2. It’s football season, and a great time to rally your team around a great cause: helping kids with cancer! Ask your local football team to honor kids with cancer by wearing gold laces (provided by ACCO) during a game, while you sell gold-themed treats and fill a donation bucket. 
  3. October is pumpkin month! Who doesn’t love painting pumpkins and making beautiful fall crafts? Host a pumpkin painting party or a craft night where the theme of the evening is gold! Be sure to stock lots of gold paint and craft supplies; ask for small donations for kids with cancer. 
  4. Do you or someone you know love to bake at harvest time? Organize a Pie Day at work where you sell slices of delicious homemade pie and donate the proceeds to kids with cancer! Not a baker yourself? Ask for help from friends or ask local bakeries to donate to your Pie Day event. 
  5. Use your fingers and toes to honor kids with cancer! It’s easy: host a gold-themed manicure/pedicure party! Provide gold-colored nail polish and ask everyone to paint their nails gold in honor of kids with cancer in exchange for a small donation to help kids with cancer.
  6. Tired of the same old Halloween gags? Why not host a Go Gold Halloween Party? Ask party-goers to forego the creepy Halloween costumes and dress up in gold instead! Gold dresses, gold hats and ties, gold shoes, gold jewelry: see how imaginative your friends can be for kids with cancer.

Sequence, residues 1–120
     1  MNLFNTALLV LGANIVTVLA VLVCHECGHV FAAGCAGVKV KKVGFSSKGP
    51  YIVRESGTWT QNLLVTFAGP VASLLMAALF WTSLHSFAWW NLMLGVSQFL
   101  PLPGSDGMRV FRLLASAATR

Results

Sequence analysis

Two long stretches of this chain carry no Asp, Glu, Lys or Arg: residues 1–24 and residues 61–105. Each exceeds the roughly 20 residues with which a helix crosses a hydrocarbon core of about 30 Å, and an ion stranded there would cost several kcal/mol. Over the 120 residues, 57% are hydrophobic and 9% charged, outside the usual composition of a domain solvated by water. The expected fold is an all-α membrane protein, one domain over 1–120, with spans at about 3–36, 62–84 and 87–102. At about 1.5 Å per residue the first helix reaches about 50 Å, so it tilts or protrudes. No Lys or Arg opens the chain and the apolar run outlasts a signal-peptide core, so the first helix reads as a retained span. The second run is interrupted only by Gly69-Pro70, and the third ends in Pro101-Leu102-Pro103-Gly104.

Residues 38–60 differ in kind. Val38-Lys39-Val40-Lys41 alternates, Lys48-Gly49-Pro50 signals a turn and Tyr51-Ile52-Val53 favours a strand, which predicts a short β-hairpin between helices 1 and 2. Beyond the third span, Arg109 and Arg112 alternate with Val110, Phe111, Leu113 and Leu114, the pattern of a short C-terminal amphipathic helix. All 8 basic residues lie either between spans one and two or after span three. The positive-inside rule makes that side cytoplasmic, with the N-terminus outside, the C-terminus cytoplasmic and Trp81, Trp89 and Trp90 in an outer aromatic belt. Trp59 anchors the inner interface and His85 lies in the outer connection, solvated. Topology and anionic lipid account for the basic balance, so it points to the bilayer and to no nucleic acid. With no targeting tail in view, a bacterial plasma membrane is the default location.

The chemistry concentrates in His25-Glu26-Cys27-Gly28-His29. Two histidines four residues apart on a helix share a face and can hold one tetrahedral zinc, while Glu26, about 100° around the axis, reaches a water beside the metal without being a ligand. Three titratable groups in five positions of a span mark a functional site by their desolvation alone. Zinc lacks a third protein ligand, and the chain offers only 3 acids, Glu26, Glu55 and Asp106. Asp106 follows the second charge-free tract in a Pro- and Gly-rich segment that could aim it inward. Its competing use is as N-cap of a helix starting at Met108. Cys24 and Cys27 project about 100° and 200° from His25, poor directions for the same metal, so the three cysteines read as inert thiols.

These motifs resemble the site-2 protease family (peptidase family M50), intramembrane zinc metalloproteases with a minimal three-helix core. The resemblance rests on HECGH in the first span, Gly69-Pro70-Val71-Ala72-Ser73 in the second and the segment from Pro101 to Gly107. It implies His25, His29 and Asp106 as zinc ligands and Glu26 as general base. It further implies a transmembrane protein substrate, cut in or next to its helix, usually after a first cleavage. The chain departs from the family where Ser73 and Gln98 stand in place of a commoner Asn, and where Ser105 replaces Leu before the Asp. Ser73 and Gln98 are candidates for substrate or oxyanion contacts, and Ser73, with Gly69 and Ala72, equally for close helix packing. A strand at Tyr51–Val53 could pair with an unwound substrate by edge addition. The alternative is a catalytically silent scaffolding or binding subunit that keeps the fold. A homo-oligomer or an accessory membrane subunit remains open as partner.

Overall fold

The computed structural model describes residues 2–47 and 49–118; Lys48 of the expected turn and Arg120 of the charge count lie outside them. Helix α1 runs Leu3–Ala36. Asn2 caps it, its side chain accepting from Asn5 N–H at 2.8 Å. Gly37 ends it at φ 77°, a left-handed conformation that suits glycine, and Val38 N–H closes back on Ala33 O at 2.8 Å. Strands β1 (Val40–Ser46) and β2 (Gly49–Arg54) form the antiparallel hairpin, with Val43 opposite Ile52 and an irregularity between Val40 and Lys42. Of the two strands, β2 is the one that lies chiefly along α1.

7. Give a treat when you “trick or treat” this year! That’s right: decorate your Trick or Treat bag or sack with Gold Ribbons and ask for a small donation instead of (or in addition to!) candy. And be sure to give your own “treat” back: pass out gold silicone bracelets, gold ribbon stickers, and other gold-themed commemorative items each time you get a donation for kids with cancer! 

At ACCO, our goal is to help you help kids with cancer! And whether you use one of our ideas or come up with an awesome idea of your own, it’s the kids with cancer and their families who will reap the benefits! 

Register your fundraiser with ACCO to take advantage of our complimentary awareness items and amazing program support.

PJammin® for Kids with Cancer

Go Gold® for Kids with Cancer

About the American Childhood Cancer Organization

The American Childhood Cancer Organization was founded in 1970 by parents of children and adolescents diagnosed with cancer. As the nation’s oldest and largest grassroots organization dedicated to childhood cancer, ACCO is committed to shaping policy, supporting research, raising awareness, and providing free educational resources to kids with cancer, survivors, and their families. Additionally, ACCO is the sole U.S. member of Childhood Cancer International (CCI) and has helped support more than half a million families over the past 50 years. Help make childhood cancer a national health priority because kids can’t fight cancer alone®

For more information about how ACCO can help your family, call 855.858.2226 or visit:

6 Facts About Childhood Cancer

How to Help Kids with Cancer During Childhood Cancer Awareness Month

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September is Childhood Cancer Awareness Month, and it’s a great time to get involved on behalf of children fighting childhood cancer!